Registering Voters A Difficult Task In Afghanistan
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It's Morning Edition from NPR News, good morning. I'm Steve Inskeep.
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And I'm Renee Montagne. Looking ahead to its own presidential election next fall Afghanistan began registering new voters this month, at least those it could get to in the midst of the escalating violence there. Organizers say it's hard to reach many eligible voters let alone persuade them to actually put their names down on a registration list. NPR's Soraya Sarhaddi Nelson sent this report from visiting one unstable region - the Eastern province of Kunar.
SORAYA SARHADDI NELSON: In a fortified government center here in Kunar Shigal district, Afghan workers tally registration forms on the first day of the voter drive. District coordinator Zahir Gouhl(ph) says the results are disappointing. He says some 350 people signed up, less than half the number he had hoped for. Of those, only a dozen were women.
Mr. ZAHIR GOUHL (District Coordinator): (Through Translator) The security situation in Kunar complicates the process, but we are trying our best to reach out to as many people as we can, and have asked the village elders to tell people to sign up.
SARHADDI NELSON: He says that's not easy when people are afraid of what might happen if they do heed the call. Many believed signing up to vote could prove fatal in places like Kunar where the government holds sway during daylight hours, but insurgents rule the night. A few days before the voter drive began, Taliban fighters attacked a night-time convoy of election workers who's driving through Kunar to a neighboring province. None of the workers was hurt, but the insurgents torched the registration supplies. Here in Shigal, the local police chief placed one of his officers with a machine gun on the roof of the registration center to instill confidence in voters and warn the Taliban to keep away.
Afghan officials in Kabul say so far there have been no attacks on this or any other registration site. Given the security challenges, officials are adamant that the registration drive is succeeding. Zekria Barakzai is the spokesman for Afghanistan's Independent Election Commission appointed by President Hamid Karzai. Barakzai says election workers were able to open most of the registration centers planned for this initial phase of the voter drive. As of late last week more than 200,000 people had signed up. That's just the fraction of those the government is hoping to register by the time the drive ends at the end of February. Barakzai says he's hopeful they'll meet their goal.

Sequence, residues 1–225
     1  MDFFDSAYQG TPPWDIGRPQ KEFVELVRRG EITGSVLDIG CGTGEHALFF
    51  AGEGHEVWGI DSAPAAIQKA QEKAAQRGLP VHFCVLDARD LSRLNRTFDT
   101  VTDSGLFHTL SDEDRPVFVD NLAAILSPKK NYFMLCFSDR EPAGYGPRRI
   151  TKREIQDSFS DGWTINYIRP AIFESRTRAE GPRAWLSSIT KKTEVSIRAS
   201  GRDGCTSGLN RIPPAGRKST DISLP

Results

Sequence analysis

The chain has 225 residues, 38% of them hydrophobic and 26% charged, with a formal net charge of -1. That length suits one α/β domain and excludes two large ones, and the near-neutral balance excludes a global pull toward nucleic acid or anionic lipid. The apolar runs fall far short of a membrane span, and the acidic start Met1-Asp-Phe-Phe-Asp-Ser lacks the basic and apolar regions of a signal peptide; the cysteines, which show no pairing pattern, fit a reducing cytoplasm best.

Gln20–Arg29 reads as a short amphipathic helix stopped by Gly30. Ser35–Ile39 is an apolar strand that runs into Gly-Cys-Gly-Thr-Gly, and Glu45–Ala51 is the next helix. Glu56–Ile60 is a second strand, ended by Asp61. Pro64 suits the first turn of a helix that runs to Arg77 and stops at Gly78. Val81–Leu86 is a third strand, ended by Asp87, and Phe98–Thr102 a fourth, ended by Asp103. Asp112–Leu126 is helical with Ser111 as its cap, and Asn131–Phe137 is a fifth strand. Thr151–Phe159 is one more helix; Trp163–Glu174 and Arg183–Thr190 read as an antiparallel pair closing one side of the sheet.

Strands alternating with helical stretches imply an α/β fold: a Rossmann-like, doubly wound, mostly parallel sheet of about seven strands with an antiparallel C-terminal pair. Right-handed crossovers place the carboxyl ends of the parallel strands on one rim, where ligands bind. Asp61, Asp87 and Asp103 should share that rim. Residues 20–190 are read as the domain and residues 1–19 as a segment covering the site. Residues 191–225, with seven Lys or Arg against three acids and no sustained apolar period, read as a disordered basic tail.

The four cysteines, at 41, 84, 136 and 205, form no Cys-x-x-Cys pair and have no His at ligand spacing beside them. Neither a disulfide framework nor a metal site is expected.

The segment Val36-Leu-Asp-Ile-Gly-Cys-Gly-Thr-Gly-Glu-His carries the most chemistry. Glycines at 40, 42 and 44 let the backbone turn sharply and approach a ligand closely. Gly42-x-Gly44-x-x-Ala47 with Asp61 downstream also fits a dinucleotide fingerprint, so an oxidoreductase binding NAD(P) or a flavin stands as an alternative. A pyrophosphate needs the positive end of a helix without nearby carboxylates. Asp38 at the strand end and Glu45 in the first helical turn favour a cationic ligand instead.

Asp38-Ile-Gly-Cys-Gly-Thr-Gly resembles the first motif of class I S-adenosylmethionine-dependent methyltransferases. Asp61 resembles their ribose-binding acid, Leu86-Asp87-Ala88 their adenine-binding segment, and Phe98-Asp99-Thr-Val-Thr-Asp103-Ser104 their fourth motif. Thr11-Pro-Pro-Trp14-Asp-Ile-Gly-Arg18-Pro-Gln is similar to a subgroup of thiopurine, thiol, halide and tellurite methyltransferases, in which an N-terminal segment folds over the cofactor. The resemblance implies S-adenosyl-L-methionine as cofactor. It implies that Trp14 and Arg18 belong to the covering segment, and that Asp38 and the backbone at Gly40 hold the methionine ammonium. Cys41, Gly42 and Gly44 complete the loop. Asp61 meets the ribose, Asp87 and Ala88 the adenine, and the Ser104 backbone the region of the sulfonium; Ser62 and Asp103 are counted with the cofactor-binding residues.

Mr. ZEKRIA BARAKZAI (Spokesman, Independent Election Commission, Afghanistan): We will do everything possible that nobody in Afghanistan is deprived from their rights to vote in the future elections for the country.
NELSON: Making sure that happens is vital, says Nader Naderi, who chairs the Free and Fair Election Foundation of Afghanistan, an independent group monitoring the election efforts.
Mr. NADER NADERI (Chairman, Free and Fair Election Foundation, Afghanistan): In the past people did not believe on those people who are ruling on their legitimacy. But people do believe on Karzai's power as a legitimate power because he had won the election. And if that core issue is removed, then of course there will be a lot troubles including the warlords who are an element of insecurity.
NELSON: Not that he says those former warlords are seeking to gain more power. And elections that lack legitimacy would give them an opening not that he also says Afghan and western officials should order military operations ahead of the elections to make sure Taliban fighters cannot disrupt the voting. But as these first two weeks of the voter drive show security isn't the only obstacle to a legitimate election in Afghanistan next year. Another headache for organizers is how few women are signing up. So far less than a third of the registrants are women. In Kunar, that figure is even lower.
Ms. SHAQUILA (Election Worker): (Foreign language spoken)
NELSON: Shaquila(ph), 18, who like most Afghans only uses one name, is an election worker tasked with registering women here in the Shigal district, a conservative Pashto area where the sexes are strictly segregated. Shaquila says the main deterrent to potential women voters here is that they have to come to the same center as the men, even if they do so in the opaque head-to-toe burqa in which no one can recognize them. She and other officials say they want to move the women's site to a clinic up the road in hopes of boosting turnout. But the police chief has refused to let them go because he says it isn't safe enough. Soraya Sarhaddi Nelson, NPR News, Kunar province in Eastern Afghanistan.
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